It’s been a long break from blogging. To herald my return, I bring you a post very close to my heart and nearly six months in the making: the Decemberists’ albums, if they were main courses at Wagamama. I have done a lot of research (i.e. eaten at Wagamama a lot, listened to the Decemberists a lot) and so this will be the definitive inarguable article on this topic and if you don’t agree, you can fight me.
Almost as if I’d planned it, today is the opening day of my home town’s VERY FIRST WAGAMAMA! Hurrah! I’m planning to eat white chocolate and ginger cheesecake for every meal of the day today! Life is amazing!
ON TO THE LIST:
Castaways and Cutouts is the first full-length album by the Decemberists and if it were a Wagamama dish, it would be YASAI KATSU CURRY. This is partly because they are both brown in colour. Also, Castaways and Cutouts is the album I listen to when I want to go on mopey walks in the autumnal dusk. Sweet potato, aubergine, and butternut squash are comfort foods for the darker months in the same way Colin Meloy asking “Are you feeling better now?” in Grace Cathedral Hill comforts my soul.
When I started getting into the Decemberists as a lifestyle choice, I deliberately left out Her Majesty as a “for later” treat, for when I’d ruined all their other albums through overplaying. I know it’s a good album, but I’ve somehow not got round to it yet. Similarly, I know I’d like PRAWN ITAME but there’s just so much else to eat. The spicy coconut and lemongrass soup suits the dramatic edge of the the Decemberists’ second release perfectly.
Picaresque is widely regarded as the album with which the Decemberists discovered their “sound” – though it’s a varied box of delights, ranging from the raucous nine-minute Mariner’s Revenge Song to the plaintive personal favourite The Engine Driver, with an absolute wealth of songwriting and storytelling in between. Correspondingly, WAGAMAMA RAMEN is the definite bowl of noodles, with everything thrown in, including the tea-stained egg on top. A signature dish for a signature sound.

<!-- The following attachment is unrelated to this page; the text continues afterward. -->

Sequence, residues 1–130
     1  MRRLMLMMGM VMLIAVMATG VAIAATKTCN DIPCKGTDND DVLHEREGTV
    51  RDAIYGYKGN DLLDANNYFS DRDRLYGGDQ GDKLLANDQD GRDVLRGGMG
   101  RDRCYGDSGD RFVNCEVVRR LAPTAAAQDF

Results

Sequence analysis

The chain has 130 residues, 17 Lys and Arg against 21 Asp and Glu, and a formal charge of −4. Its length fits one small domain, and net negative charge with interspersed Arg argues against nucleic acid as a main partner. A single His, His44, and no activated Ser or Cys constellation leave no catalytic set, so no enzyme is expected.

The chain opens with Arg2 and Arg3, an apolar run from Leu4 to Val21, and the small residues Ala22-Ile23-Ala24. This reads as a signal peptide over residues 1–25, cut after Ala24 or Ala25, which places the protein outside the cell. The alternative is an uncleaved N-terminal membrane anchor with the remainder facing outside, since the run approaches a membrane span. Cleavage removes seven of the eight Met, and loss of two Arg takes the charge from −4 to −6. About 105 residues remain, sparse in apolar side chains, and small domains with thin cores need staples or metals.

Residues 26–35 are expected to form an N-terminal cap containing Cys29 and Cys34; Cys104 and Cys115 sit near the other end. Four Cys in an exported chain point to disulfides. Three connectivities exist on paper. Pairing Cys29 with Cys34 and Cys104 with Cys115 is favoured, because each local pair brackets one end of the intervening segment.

The Crane Wife is the best Decemberists album and YAKI UDON is the best thing you can eat at Wagamama. It’s just a fact.
Brown rice makes CHA HAN DONBURI taste nutty and kind of rustic, making it the perfect complement to The Hazards of Love, a prog rock opera set in the taiga. The side of Japanese pickles is a taste of anarchy brought in the album by the villainous rake. (Colin Meloy, at applause for The Rake’s Song: “You’re all terrible people!) Donburi is a big bowl of steamed rice, and The Hazards of Love is a similarly satisfying concoction.
The King is Dead is the album you put on in the middle of winter, to warm you right through. CHICKEN RAMEN is classic, seasonal, unpretentious, and will sustain you through the cold weather. This one is a complete no-brainer.
Mild but delicious, CHICKEN RAISUKAREE makes me feel kind of nostalgic for when I just started eating curry and would only eat korma. Like raisukaree, What A Terrible World, What A Beautiful World is sweet and rich and brings joy into my life – see my full review here – but has added kick in the back half of the album, represented in the chillies and sesame seeds that top this dish.
5 Songs is GYOZA because there’s five of them. Yep, even though there are six songs on 5 Songs.
WHITE CHOCOLATE GINGER CHEESECAKE is Culling of the Fold because it’s what hooked me and I love it beyond all reason and it’s addictive and terrible.
To, er, loosely tie in this post to my blog’s actual theme and intended content… The artist responsible for the Decemberists album covers is none other than Carson Ellis, whose beautiful debut picture book HOME just came out in the UK! It’s charming and lovely and the art is of course top notch.
Look at that loveliness, all the colours and charming details! I am a huge fan of Carson Ellis’ work and am so happy that she’s making picture books.